Handed Out Rain Ponchos And Emergency Blankets To Ten Homeless People

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When I was younger, I ran away from home, and there was a period of time in my life when I did not know where my next meal was coming from, how I was going to be able to pay for it, or if I’d even have a roof over my head that night.  Once in awhile, there would not be a roof (luckily, not often), and I’d have to sleep in a park.

I remember one particular occasion when I was 17 where I slept in the Presidio, and it rained.  I recall it being extremely unpleasant and I only had to do a few times.  Trust me...  getting woken up by rain droplets landing on your face and getting wet in the cold morning air sucks.  It sucks a lot.

I made a plan to do this today because the forecast said it was going to rain starting Sunday and lasting for quite awhile.  J found both the ponchos and the blankets on Amazon.  They arrived today just in time.
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I took the supplies and went to a spot I knew there would be quite a few people that could use the stuff I had.  I drove out to
Haight Street and Stanyan, where Haight meets Golden Gate Park.
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I made only a few ground rules when I decided to do this:
  • I wouldn’t take pictures of the people because I have no desire to exploit them.
  • If they offered to sell me drugs, I wouldn’t offer them the items.

I was offered weed a few times. 

My approach was fairly simple.  I walked up Haight from the park and headed east.  Whenever I saw someone that could benefit from the stuff, I said,

    “Hey, how ya doin’?  Are you living on the street?” 

    “So, I heard it was going to start raining soon, and I wanted to give you a couple things.  I’ve
    got a poncho to help keep you and some of your things dry, and I’ve got an emergency
    blanket to help keep you warm from the rain.”

This was for the most part met with such gratitude.  I actually wasn’t sure if it would be.  I was unsure about what kind of reaction I’d get.  The people I approached were very different.  Some were older, some were younger.  Some were men, some were women.  Some were Caucasian, some were African American.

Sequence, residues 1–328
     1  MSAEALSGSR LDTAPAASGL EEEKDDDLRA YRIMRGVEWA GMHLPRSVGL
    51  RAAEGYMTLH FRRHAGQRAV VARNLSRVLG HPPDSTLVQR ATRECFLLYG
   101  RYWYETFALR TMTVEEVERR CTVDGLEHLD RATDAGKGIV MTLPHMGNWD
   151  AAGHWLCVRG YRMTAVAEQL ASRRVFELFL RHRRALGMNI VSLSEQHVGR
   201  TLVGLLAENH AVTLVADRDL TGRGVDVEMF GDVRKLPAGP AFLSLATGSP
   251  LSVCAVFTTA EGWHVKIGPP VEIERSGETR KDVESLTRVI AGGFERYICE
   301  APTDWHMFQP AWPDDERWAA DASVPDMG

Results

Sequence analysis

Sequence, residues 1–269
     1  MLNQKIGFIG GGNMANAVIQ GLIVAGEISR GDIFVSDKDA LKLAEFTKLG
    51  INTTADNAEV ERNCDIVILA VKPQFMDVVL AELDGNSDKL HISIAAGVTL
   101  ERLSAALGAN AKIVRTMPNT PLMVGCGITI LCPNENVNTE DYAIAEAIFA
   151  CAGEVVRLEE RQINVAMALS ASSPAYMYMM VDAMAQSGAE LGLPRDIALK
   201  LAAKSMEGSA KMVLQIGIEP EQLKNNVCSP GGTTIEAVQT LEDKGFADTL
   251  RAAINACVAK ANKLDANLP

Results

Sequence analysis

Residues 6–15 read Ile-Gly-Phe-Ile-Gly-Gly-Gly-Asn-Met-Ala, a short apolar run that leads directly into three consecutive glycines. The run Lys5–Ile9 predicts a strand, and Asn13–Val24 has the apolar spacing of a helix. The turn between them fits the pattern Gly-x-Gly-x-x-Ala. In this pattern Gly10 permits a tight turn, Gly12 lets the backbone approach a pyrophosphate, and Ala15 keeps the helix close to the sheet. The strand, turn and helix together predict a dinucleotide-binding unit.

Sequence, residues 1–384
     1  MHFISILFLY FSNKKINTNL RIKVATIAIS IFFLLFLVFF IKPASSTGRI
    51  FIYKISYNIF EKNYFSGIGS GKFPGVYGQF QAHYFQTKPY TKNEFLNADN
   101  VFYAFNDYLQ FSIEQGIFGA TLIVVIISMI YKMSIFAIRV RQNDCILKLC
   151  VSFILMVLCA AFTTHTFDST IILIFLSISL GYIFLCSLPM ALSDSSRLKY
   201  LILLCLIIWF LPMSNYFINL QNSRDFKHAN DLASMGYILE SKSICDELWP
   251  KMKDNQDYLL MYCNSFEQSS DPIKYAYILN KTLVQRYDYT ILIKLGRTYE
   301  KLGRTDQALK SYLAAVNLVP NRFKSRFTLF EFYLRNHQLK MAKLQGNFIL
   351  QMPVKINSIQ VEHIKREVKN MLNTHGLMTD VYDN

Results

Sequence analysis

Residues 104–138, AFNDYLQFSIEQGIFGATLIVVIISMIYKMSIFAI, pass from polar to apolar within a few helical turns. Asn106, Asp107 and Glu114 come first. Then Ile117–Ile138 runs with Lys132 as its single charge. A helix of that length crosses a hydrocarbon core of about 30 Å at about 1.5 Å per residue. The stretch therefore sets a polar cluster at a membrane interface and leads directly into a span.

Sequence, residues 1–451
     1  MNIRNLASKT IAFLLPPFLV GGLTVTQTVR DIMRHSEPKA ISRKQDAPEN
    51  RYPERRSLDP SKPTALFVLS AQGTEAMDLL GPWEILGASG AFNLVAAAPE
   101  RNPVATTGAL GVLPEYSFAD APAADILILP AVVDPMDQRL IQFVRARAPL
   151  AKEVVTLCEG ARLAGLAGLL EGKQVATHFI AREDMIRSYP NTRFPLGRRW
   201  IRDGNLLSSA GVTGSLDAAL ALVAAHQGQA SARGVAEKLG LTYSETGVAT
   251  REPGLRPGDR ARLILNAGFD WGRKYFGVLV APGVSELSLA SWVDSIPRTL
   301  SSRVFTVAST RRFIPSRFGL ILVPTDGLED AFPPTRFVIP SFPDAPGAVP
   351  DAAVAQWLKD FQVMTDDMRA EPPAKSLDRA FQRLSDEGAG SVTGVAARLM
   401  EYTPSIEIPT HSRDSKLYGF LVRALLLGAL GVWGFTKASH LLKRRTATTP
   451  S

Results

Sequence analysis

All ten people I interacted with were grateful.  On more than one occasion, the person asked me what my name was and thanked me.  This was really cool.  I told them to try and stay dry and to be safe.

I would do something like this again.  My only regret is that I didn’t get to talk to them longer.  I know they have fascinating stories and to get to listen to them and let them know someone cares about what they have to say would have been nice.  I just needed more time.

That being said, if at least one of them benefitted from having the poncho and blanket, I would be happy.  If I help one person stay warm and dry, that would be satisfying.

A few related stray thoughts:
For those that don’t know, the issue of homelessness is a topic I feel very strongly about.  Here in San Francisco, the city is extremely tolerant of the homeless.  Many cities will just try to displace them, either hiding them or basically deporting them.  Our city is not only attractive to homeless on a political level but also because of our year round mild climate.   

One of my biggest pet peeves is when people call homeless people “bums”, as if their problem was their laziness.  Statistically, the main reason people are homeless is mental illness not laziness.  They often lack the tools they need to remove themselves from the situation.  (Imagine trying to screw a flathead screw in and all you have is a phillips screwdriver.)  There are programs that help, like
Project Homeless Connect.


Related Items:
Emergency Ponchos
Emergency Blankets
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